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Wednesday, June 11, 2008

Wondering About the True Meaning Of Love? – Read this.

A few times I’ve had brides joke when it came to the wedding vows, “for richer or ... for richer.”  Ha ha. Except it didn’t seem funny. As I thought about it more later, I realized that it’s not only the “poorer” that at some point will come upon every couple that stays together, but each of the other opposites – not only “better” but also “worse”, not only health, but also “sickness” – even death. All these things are the legacy of a couple that stays together “until death shall part” them. Many of us fail to keep these forever vows, but we never renounce their importance and value. If we plan to marry again, what we promise then will probably be about the same. An introspective person might at times wonder, “Do I really know what love is?”, “Can I live the kind of love called for in marriage?” It’s really the opposite end of the feeling/thinking scale from the starry-eyed couple that has never had a fight and knows they will always be best friends. Weddings should cause us to look within. Making a life-long pledge to someone ought to create some healthy introspection. It’s naive to think that we really understand our intented spouse, ourselves, what the world might throw at us - or what is required by real love. Are you wondering what true love is? Read this article, "When Wounded Vets Come Home" and see it in flesh and blood. This is the kind of love that the Apostle Paul says, “never fails.” It's so difficult. No wonder it's also so rare. (The photograph is by Erika Larsen/Redux.)


Thursday, June 5, 2008

A Prayer for Families

"Almighty God, our heavenly Father, who settest the solitary in families. We commend to thy continual care the homes in which thy people dwell. ... Turn the hearts of the parents to the children, and the hearts of the children to the parents, and so rekindle forever charity amoung us all, that we may everymore be kindly affectioned to one another, through Jesus Christ our Lord.  Amen." These words from the Book of Common Prayer take us back to another day, not only because we don’t say “affectioned” anymore, but with their sentiments. In a world where the behavior of children in the family mimics television characters as much as anything (Bart Simpson, the boys from South Park - even Zack and Cody with their suite life), and where adults have long ago given up on real leadership in the home in many ways - again often resembling T.V. (Three and a Half Men, Still Standing) we have, child and parent alike, become accustomed to home life at a level that in our more lucid moments we may be willing to admit is disappointing - and not helpful to its members. It’s in this context that I like the words of this ancient prayer. Like the famous prayer of Jesus (“Our Father...”) or the great confession of David in the Psalms (Psalm 23), these words can be savored and mulled over - and prayed every day with profit. They can remind us of a higher life, and kindle in us higher aspirations. Look around. Wouldn’t that be a good thing?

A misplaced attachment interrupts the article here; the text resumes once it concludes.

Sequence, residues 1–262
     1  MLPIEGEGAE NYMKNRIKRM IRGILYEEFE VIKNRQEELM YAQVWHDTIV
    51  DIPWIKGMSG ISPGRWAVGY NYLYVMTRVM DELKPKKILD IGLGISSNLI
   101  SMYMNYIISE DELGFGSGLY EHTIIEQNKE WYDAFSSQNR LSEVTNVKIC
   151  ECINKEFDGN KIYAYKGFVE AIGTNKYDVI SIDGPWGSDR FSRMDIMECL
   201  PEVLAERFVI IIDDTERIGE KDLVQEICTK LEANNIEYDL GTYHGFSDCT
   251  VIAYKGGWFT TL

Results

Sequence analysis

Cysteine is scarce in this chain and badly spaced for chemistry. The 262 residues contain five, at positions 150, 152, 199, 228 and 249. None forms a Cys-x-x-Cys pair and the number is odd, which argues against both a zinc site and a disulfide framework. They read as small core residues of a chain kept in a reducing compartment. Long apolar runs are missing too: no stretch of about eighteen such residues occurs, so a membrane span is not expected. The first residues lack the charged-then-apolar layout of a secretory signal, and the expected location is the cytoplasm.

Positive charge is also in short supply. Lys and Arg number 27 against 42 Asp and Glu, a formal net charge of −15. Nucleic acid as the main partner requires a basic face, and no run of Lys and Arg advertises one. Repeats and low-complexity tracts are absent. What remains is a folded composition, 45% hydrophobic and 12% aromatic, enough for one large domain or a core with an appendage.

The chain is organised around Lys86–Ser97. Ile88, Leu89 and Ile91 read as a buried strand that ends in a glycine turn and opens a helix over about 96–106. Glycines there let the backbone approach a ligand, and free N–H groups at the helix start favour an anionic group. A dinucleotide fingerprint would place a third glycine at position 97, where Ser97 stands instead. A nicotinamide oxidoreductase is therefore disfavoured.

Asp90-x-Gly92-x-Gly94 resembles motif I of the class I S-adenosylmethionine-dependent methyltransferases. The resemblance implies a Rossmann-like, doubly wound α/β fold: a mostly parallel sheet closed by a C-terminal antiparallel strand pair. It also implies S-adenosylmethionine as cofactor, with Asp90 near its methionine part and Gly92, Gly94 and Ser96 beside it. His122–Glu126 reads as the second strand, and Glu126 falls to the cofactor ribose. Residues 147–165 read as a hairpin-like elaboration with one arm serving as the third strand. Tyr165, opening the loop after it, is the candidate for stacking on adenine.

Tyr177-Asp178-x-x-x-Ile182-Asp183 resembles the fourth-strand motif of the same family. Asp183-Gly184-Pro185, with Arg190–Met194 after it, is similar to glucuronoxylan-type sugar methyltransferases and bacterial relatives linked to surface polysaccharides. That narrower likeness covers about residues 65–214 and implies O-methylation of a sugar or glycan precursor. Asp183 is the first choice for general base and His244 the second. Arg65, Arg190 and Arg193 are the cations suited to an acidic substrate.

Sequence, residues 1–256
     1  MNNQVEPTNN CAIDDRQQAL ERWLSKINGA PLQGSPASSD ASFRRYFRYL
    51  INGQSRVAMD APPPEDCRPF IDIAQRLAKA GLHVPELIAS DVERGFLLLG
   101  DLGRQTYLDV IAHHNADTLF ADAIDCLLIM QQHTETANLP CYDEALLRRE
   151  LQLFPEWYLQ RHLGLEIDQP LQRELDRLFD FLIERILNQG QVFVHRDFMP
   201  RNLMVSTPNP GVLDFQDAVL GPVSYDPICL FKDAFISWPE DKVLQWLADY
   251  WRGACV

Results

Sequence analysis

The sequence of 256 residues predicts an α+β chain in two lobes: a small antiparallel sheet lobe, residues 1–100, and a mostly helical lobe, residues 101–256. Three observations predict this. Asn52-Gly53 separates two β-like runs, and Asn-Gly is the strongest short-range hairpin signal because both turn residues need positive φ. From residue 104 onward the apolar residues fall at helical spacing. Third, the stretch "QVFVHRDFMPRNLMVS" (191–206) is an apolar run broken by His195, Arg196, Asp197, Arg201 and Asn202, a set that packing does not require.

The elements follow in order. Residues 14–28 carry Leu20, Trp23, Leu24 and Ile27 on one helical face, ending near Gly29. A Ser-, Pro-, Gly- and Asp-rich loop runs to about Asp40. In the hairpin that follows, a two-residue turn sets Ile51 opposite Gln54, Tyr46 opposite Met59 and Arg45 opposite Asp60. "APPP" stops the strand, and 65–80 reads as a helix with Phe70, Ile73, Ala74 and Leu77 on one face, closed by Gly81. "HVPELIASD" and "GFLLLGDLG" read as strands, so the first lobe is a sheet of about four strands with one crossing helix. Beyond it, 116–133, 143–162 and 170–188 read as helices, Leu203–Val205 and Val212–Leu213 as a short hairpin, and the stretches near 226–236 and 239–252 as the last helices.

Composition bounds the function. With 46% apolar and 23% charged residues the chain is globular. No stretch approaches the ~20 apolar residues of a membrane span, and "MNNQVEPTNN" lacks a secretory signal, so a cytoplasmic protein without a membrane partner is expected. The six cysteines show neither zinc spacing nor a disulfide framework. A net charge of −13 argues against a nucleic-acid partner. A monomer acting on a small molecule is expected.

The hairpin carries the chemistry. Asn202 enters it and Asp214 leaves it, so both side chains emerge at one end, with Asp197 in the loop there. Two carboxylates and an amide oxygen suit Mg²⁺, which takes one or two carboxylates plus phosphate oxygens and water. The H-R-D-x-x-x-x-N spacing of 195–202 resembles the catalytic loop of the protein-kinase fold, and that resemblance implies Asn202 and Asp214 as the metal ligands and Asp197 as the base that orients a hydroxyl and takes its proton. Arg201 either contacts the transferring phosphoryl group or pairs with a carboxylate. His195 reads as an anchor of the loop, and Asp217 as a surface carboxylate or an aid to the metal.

Monday, May 26, 2008

The Hottest Sex Tip Ever

You can tell at the wedding rehearsal. The woman has been dreaming of her wedding, and planning out everything since she was ten years old. The guy still really isn't that into the details.  His attitude is usually, "Whatever you want is fine with me babe." The woman sees the wedding ceremony as the beginning - of life together, the start of family, etc. The guy may see this as the end, at least in some senses - of freedom, of multiple partners, etc. (Obviously, these are stereotypes, but admit it, they're often true.) It's in this context that the Men's Health article. “The Hottest Sex Tip Ever” chimes in – encouraging men to think of the chapel ceremony as a door to the best there is: “Your lifetime of great sex starts when you stroll the aisle.” The magazine gives mixed messages at times, but often something appears filled with real maturity and wisdom. This is one of those. Check it out men. It’s what your father would tell you if he were really wise.